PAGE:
The issue itself contains a lot of fun moments. I really liked the pirate skipper when he, at first, revealed himself to be a cool dude who was more than willing to work with some fellow smugglers. That was a fun twist…until it twisted back to him being violent and evil. That sucked. But the scene where the rest of the pirate crew introduce Hazel to their massive music library was radical. This universe is full of surprises and I look forward to exploring these news ones. Though, again, I do worry that Saga is just gonna fall back into the cycle of some random adventures with random people before moving on to something completely different, where Hazel gets incrementally older.
TL;DR: Another character and craziness-filled issue of Saga. Always full of twists and surprises that feel natural and work so well for the story. Always full of strange new ideas that work perfectly for Saga.
Strange Academy #16
Writer: Skottie Young
Artist: Humberto Ramos
Colorist: Edgar Delgado
Letterer: VC’s Clayton Cowles
Calvin might be the character I hate most in all of comics now. And I still worry that they’re trying to make him sympathetic.
It’s the day of the Winter Formal and the students are decorating the lakehouse. There’s a new rule that they’re not supposed to use magic outside of class because of some problems with the source. Calvin is caught dealing drug magic to other students and he’s promptly expelled. Doyle is having a hard time working up the courage to ask Emily to the dance, but he finally succeeds after a bunch of adorable awkwardness.
But the night of the dance, Emily is running late, and she bumps into a bitter Calvin packing up his stuff. She’s shocked that he’s being expelled and she wants to help him, deciding Calvin is more important than some silly dance. Little does she know that she’s utterly breaking Doyle’s heart by being a no-show.
Comic Rating: 8/10 – Very Good.
As I’ve said all along, I’m here for the fun teen drama. I could care less about the actual magic classes or any of the silly field trips. Give me gripping character drama! And that’s exactly what this issue is about, so I rather enjoyed it. And I like that Young isn’t being too predictable. Having Calvin discovered by the faculty immediately and then expelled is not what I thought would happen. I definitely think the character is a twerp, though. Part of me thinks we’re supposed to identify with him or feel sorry for him, but that’s not happening for me. He stumbled into some dark magic, it got rightfully taken away and then the whole school decided to both pity him and expect him to be great; and all the while he proved himself to be a total goon. Now he’s a drug dealer with an attitude problem. I’m glad he’s expelled!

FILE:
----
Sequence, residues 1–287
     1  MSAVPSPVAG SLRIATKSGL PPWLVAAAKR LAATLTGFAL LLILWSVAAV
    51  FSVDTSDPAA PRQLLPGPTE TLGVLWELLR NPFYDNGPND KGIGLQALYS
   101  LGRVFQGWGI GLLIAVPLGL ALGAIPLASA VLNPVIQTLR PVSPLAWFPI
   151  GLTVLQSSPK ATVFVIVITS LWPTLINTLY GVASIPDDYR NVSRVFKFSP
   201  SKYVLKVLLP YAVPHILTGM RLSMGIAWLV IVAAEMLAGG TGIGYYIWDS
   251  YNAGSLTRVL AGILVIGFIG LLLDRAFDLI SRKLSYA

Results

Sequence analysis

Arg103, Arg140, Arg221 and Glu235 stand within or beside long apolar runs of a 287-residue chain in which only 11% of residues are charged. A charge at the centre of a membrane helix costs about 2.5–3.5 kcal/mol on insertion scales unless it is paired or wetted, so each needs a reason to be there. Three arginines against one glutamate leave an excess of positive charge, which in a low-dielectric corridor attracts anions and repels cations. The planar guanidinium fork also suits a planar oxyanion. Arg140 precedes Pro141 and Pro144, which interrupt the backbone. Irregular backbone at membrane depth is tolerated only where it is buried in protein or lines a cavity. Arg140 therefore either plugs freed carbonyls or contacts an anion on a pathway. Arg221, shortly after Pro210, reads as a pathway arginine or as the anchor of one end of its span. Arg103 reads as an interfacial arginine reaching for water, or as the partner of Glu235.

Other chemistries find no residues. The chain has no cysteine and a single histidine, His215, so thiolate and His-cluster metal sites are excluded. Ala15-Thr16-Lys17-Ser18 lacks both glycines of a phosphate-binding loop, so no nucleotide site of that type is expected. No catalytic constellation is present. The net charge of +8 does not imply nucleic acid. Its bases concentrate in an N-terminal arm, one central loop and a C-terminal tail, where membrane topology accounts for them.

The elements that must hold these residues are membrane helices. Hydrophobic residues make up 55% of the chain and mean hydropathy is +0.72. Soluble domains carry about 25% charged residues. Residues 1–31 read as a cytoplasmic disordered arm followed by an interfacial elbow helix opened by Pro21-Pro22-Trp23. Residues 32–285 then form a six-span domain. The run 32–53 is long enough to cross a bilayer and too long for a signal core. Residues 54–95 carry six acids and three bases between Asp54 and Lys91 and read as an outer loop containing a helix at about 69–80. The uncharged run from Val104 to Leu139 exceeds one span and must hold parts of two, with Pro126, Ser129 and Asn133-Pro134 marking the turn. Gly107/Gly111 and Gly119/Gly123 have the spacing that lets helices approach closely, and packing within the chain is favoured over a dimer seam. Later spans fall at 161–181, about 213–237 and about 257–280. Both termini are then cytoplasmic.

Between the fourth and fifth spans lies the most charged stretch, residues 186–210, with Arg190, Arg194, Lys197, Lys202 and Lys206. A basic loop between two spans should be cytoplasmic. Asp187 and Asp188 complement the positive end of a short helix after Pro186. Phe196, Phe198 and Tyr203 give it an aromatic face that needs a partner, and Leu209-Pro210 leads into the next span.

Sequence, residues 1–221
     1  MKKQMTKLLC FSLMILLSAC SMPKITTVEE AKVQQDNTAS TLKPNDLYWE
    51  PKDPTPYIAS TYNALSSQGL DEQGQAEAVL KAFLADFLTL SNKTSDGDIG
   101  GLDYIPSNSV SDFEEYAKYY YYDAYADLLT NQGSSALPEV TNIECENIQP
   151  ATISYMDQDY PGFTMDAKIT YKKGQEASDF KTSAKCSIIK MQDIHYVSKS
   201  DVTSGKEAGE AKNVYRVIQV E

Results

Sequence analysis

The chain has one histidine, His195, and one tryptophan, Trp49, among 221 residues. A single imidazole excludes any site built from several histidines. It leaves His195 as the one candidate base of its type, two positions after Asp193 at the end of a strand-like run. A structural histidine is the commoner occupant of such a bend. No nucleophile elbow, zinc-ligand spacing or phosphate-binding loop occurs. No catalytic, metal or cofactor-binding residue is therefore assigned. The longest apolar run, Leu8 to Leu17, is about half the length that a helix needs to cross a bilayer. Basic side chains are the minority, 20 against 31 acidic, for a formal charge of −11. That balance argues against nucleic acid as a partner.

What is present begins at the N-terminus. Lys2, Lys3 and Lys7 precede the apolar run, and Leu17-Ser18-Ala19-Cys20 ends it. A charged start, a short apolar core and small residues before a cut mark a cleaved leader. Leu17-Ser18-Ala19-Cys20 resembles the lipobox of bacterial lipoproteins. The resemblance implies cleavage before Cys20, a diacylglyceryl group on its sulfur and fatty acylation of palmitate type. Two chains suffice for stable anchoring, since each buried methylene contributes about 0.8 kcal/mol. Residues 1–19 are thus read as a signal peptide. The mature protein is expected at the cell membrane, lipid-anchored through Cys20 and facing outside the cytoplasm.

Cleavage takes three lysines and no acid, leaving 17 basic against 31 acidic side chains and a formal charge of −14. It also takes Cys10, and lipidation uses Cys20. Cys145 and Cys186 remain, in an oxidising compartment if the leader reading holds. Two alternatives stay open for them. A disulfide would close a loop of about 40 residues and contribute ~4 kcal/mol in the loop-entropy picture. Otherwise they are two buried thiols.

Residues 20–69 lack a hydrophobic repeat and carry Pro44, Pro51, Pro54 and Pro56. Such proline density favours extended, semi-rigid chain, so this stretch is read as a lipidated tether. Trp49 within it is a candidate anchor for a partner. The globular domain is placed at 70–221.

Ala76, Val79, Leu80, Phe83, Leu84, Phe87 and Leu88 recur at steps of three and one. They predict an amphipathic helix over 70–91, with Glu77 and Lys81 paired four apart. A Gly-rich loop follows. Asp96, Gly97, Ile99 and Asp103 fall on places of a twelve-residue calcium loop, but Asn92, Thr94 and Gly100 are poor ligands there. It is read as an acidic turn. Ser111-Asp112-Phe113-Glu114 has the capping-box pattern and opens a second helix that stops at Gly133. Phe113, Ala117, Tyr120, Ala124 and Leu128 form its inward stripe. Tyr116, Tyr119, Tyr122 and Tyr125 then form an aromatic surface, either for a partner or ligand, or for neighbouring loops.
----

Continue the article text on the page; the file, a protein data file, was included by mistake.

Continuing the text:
And using that expulsion to impact the adorableness that is Emily and Doyle is some great storytelling.
It’s great because it absolutely fits the characters involved. Calvin is bitter about it and believes his expulsion is unfair. Emily has been anti-establishment for a while, so it makes total sense that she would immediately jump to Calvin’s defense. She doesn’t know the whole story and Calvin isn’t about to tell her. And then it’s utterly sad but completely understandable that Emily would think it no big deal that she’s missing the dance. I’m sure she thinks Doyle is hanging out with everybody else and having fun. And seeing poor Doyle with his heartbroken…my poor boy! It’s all great character drama, with some great art to boot. I love a school dance story like this.
My only concern is…Emily couldn’t shoot Doyle a text? She’s seen holding her phone to check the time when she realizes she’s late. And don’t kids today do a lot of texting? I realize the magic of cell phones can get in the way of classic character drama, but it needs to be considered, especially when you’re writing about teenagers.
TL;DR: Some really fun, really well-done character drama makes for a super swell winter formal issue. I love a good school dance storyline, and this one does not disappoint.
The comics I review in my Hench-Sized reviews are just the usual comics I grab from Comixology any given week, along with a few impulse buys I might try on a whim. So if there are any comics or series you’d like me to review each week, let me know in the comments.